When I am building, I work as if the earth is flat. I know the earth is round, but at the scale of measurement and errors involved in cutting timber and building a house or a shed, considering the earth to be flat is a perfectly useful approximation, one that all builders use.
That analogy works at one level.
There is another level, at which there is a process involved as to how neural networks come to grips with any new event.
There must sufficient exposure to the “thing” to be able to distinguish that there is something there.
This can apply to something physical (like a well camouflaged flounder in shallow water) to something conceptual. The first phase is the distinction, and the next phase is becoming sufficiently familiar with that distinction that it incorporates into their “common sense”.
So all things new appear beyond understanding for a time, then become more understandable with familiarity.
To me that is how it must be, at all levels of abstraction, perhaps to infinite levels of depth.
I understand that you and many others see logic and merit in the argument for their being something ineffable,and I do not share that view.
I did go so far as to put “thing” in quotes, to try and indicate that it did not necessarily refer to anything made of matter or energy as we normally know those things.
To me, it makes no sense to say that there is something beyond form, that gives form, that is ineffable.
I can agree that it seems probable that there will always be ever more subtle aspects of reality that are beyond our current understanding (should we live a billion years), yet I do not admit of the probability that anything is beyond the possibility of understanding (at least to a useful level of approximation for the situation at hand).
And in another sense, I can get that the notion of “ineffable” is a useful first order approximation for most people.
And in another sense I can understand why most people think of the experience of loss of self in something greater and more immediate in the way you describe. And that is not how I interpret it.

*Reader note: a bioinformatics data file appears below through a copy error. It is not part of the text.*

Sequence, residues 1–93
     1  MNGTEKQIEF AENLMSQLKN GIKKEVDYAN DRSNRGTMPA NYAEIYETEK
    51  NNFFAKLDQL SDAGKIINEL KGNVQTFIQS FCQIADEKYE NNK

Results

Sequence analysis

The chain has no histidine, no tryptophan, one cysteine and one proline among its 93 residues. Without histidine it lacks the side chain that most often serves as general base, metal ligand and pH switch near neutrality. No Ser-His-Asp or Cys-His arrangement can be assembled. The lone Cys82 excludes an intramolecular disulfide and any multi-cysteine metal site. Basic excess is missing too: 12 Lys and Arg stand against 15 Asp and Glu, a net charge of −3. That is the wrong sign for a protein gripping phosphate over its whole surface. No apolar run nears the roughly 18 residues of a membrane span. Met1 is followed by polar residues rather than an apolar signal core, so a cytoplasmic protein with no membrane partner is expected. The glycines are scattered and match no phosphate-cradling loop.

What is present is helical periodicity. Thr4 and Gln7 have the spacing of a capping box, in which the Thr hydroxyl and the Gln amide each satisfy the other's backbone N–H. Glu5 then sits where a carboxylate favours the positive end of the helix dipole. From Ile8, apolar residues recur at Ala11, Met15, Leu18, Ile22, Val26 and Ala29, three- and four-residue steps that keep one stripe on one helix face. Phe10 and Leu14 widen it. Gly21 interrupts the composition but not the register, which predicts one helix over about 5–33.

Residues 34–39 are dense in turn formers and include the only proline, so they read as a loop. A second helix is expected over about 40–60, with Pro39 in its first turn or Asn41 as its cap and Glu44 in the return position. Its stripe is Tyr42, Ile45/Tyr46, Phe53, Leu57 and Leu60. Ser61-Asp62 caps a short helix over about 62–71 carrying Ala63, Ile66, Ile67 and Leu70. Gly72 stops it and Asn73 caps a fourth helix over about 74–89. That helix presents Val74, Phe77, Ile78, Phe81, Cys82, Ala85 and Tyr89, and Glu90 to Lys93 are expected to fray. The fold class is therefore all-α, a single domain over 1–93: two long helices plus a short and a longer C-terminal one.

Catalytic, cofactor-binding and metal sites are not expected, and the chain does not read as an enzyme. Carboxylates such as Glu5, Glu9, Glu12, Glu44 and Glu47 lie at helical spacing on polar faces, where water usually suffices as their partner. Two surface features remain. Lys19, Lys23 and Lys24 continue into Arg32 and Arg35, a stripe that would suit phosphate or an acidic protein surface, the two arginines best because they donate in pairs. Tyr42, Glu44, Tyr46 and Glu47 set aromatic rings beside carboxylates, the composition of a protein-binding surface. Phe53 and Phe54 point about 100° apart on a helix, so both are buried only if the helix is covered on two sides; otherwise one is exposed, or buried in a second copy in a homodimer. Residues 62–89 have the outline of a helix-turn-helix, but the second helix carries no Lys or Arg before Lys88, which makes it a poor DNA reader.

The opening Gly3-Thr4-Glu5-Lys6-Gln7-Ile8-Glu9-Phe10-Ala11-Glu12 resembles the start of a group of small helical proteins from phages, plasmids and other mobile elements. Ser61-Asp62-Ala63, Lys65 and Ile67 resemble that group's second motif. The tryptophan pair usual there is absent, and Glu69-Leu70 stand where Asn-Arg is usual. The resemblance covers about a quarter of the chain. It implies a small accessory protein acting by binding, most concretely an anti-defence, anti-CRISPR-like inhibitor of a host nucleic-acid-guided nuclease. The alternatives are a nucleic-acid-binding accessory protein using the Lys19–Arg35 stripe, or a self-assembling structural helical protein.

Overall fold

While I have a substantial breadth of experience in the “material world” most of my time in the last 25 years had been spent in the non-material world of systems, with ever deepening levels of abstraction and non-linear logic.
I am absolutely clear that what I know that I don’t know is vastly greater than what I know; and logic tells me that what I don’t know and don’t know that I don’t know is almost infinitely vaster than what I know that I don’t know.
I have some small inkling of the vastness of my ignorance, and I am comfortable with that.
For me, there is a huge distinction between the idea of something not currently known, and something not knowable.
I acknowledge that there are things, like Pi, that cannot be known to the last digit, as they are infinite, non repeating numbers, in any integer numeric base.
I can acknowledge similar attributes in reality.
And yet I count Pi as something knowable, as we can work it out to a sufficient level to be useful for any purpose we have. I used to have the first 100 digits of pi memorised, until I worked out that such a degree of accuracy was sufficient to define the angular width of a hydrogen ion (a proton) in the Andromeda galaxy – and I could not think of a use for such precision, so now I simply have 3.14159 memorised, and it works for all practical purposes to date. And I know where to go to find Pi to 1 million decimal places, should I ever have a need for it, and I could write a program to work it out to any arbitrary limit of accuracy.